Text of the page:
What is this were Karachi (and not Waziristan) hit day after day by drone?
(image Abdul Rehman Dawar)
The double standards within Pakistan regarding drones gets worse by the day. Once again the Tribal Areas are hit by drone strikes that just happen to coincide with a visit to the US from Chief of the Army Staff General Raheel Sharif. One can only imagine whether dialogue involves a “nod” on who the next drone targets should be?
Still NO meaningful action has been taken to tackle the US on thecontinued use of drones on the Federally Administered Tribal Areas (FATA) despite Pakistan officials recently informing the UN that drones are not required since the start of military operation Zarb-e-Asb in June. Indeed back in May, Ambassador Zamir Akram of Pakistan called for a ban on drones at a UN Conference in Geneva. So why has nothing been done in practical terms to stop people from being killed?
Its an entirely different attitude with drones over Karachi. The hypocrisy is beyond belief. Dawn is now reporting that security agencies want action for a complete ban on heli-cams (drone cameras) over Karachi for fear of surveillance operations by undesirables and turning small drones into explosive devices. Heli-cams are largely used by television companies for reporting stories but are now easily available to the public.
What is this drone was carrying a bomb over Karachi?
To quote Sindh police chief Ghulam Qadir Thebo,
“You see, one can’t afford free use of drone cameras in Karachi. Our main concern is that it can be used for any terror or criminal activity. Such a machine can easily be used as an explosive carrier. There are several other issues as well which compromise security arrangements and that’s why we seek a complete ban on it in Karachi”
Firstly, I have no doubt whatsoever that Thebo’s concerns are justified as I warned of personal drones being customized to become weapons of targeted killing on December 2nd 2013 when I wrote the following,
“as technology progresses further and commercial and personal drones become more user friendly, will we see ordinary citizens adapting them in illegal ways, perhaps even using them for personal vendettas. Drones can be operated on land, sea and air, with seemingly endless possibilities for use depending on practicalities and individual imagination.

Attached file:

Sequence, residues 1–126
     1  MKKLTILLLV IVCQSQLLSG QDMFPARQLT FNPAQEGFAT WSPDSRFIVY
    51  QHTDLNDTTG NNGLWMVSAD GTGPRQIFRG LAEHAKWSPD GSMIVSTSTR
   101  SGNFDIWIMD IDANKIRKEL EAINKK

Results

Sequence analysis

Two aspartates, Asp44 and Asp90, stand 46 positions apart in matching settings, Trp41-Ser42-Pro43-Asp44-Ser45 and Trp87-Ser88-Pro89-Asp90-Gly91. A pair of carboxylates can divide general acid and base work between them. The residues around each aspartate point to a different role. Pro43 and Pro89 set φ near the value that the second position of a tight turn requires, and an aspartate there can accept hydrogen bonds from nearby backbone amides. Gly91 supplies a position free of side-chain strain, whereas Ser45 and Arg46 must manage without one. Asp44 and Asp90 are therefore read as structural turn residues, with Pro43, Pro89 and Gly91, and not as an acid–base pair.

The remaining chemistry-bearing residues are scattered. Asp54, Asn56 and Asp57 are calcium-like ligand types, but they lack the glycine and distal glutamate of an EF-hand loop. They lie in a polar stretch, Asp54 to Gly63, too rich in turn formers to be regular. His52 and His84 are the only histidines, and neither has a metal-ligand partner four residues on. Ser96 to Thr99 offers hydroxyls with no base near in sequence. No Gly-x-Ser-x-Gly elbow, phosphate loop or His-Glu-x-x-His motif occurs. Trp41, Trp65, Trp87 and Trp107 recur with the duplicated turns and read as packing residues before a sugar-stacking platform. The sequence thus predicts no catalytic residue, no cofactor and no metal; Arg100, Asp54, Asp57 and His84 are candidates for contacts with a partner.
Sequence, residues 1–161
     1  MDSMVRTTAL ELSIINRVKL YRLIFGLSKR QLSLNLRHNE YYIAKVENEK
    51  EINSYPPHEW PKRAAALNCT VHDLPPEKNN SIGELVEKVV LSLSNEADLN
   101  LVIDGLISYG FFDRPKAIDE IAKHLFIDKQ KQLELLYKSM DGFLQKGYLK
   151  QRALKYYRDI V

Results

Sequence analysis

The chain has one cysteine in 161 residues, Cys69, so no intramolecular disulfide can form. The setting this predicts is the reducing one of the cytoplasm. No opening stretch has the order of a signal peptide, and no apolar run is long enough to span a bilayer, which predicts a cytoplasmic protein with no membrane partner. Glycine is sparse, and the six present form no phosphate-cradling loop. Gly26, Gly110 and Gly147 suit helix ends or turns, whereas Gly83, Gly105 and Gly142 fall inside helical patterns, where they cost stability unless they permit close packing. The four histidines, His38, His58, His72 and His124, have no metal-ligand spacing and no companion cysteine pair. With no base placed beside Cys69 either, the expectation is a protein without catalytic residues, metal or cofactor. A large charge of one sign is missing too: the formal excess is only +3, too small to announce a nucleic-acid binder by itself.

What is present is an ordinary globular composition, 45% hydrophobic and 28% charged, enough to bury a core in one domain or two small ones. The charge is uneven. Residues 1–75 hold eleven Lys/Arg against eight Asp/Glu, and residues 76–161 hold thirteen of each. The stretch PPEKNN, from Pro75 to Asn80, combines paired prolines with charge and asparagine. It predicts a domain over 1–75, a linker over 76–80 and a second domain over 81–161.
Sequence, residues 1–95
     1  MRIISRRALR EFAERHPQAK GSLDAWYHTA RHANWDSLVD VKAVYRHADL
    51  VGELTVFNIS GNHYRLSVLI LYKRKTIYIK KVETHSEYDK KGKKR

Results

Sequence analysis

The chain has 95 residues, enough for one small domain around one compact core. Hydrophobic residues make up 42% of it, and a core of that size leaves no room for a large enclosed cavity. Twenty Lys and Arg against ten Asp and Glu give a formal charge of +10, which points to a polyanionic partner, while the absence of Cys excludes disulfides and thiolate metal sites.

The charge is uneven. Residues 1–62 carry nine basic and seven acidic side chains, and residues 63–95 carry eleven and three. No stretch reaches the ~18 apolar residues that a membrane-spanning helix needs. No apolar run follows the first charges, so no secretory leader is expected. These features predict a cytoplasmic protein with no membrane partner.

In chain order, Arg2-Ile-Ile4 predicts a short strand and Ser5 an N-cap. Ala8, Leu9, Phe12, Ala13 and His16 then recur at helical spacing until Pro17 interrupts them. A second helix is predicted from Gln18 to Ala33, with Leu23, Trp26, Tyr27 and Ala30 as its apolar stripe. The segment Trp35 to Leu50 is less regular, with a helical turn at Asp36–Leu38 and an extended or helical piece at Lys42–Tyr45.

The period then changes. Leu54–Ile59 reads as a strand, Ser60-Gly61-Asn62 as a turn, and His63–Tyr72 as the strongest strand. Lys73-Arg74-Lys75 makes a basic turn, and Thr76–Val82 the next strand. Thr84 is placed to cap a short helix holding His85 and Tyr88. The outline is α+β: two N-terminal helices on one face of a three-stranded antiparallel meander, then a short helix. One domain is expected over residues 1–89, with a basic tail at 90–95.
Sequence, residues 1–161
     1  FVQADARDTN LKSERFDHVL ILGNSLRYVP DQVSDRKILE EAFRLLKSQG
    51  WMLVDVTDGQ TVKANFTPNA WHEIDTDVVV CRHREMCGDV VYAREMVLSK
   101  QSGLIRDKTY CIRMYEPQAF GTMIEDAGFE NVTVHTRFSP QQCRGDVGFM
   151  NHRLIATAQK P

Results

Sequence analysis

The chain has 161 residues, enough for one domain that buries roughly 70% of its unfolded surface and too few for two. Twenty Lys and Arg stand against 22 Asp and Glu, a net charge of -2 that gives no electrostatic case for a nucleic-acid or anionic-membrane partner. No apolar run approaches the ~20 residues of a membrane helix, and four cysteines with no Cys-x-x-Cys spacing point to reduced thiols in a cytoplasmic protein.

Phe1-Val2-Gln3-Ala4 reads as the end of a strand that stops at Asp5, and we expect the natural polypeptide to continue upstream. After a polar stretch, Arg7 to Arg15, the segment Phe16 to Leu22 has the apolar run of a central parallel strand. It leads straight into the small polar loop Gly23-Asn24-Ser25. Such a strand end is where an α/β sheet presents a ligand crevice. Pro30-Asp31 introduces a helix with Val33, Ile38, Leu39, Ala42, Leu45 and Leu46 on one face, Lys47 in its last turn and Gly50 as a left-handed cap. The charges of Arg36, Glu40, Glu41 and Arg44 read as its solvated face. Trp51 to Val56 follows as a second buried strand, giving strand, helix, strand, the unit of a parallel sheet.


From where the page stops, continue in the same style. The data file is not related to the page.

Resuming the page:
What about those with a grudge against governments… could insurgents adapt personal drones to carry home made bombs into checkpoints and do away with the “martyrdom operations”… the “suicide bomber”. Time to reflect on the case of Rezwan Ferdaus sentenced to 17 years by a US court for plotting to attack the Pentagon with the aid of an explosive laden model aircraft.
What about security at major events such as the Olympics and World Cup. Could such venues be targeted by personal drones… If a hexicopter can “whizz over” over a prison wall it can surely drop its load over a stadium. Will personal drones be the future of assassination, targeted killing? Governments have had the upper hand on drone technology in recent years but is that about to be challenged? What will governments think of drones then? There is an old saying, “what goes around, comes around” and that day may not be too far off!”
Nabila Rehman (9) whose grandmother was killed when a drone hit her village
The hypocrisy lays in the fact that the government and security services are willing to allow drones to target alleged insurgents in Waziristan in “not so accurate” so called precision strikes which often kill civilians but want to protect those living in cities. Reprieve, human rights organization recently reported that, “US drone strikes in Yemen and Pakistan have killed as many as 1,147 unknown people in failed attempts to kill 41 named individuals.”
The following statistics are just two of the examples quoted to show the inaccuracy of drone strikes,
- In Pakistan, 24 men were reported as killed or targeted multiple times. Missed strikes on these men killed 874 people, including 142 children.
- It took the US six attempts to kill Qari Hussain, a Pakistani target. During these attempts, 128 people were killed, including 13 children.
While plans are being floated to safeguard Karachi from threats, I am being told from a reliable source in the region that 3 civilians were allegedly killed in a very recent strike near the border with Pakistan, Afghanistan, “a taxi driver name Saz Gul…another was a guest and another local guy Ajmal too killed.”
Drones are the “Muslim killer” of the US. Those who support their use in Pakistan should ask themselves this, how many non-Muslims can they name that have been killed in a drone strike? How many whites can they name killed by drones? If the US was consistent in its policy to eliminate terrorists, why has the CIA never targeted white Christian alleged terrorists on its own soil. This is a war against Islam!
How can Pakistan claim to be an Islamic state when it kills its own Muslims? Now there are more division by drone… the city dwellers are protected whereas the predominantly Pashtun tribespeople in rural areas come under fire day after day.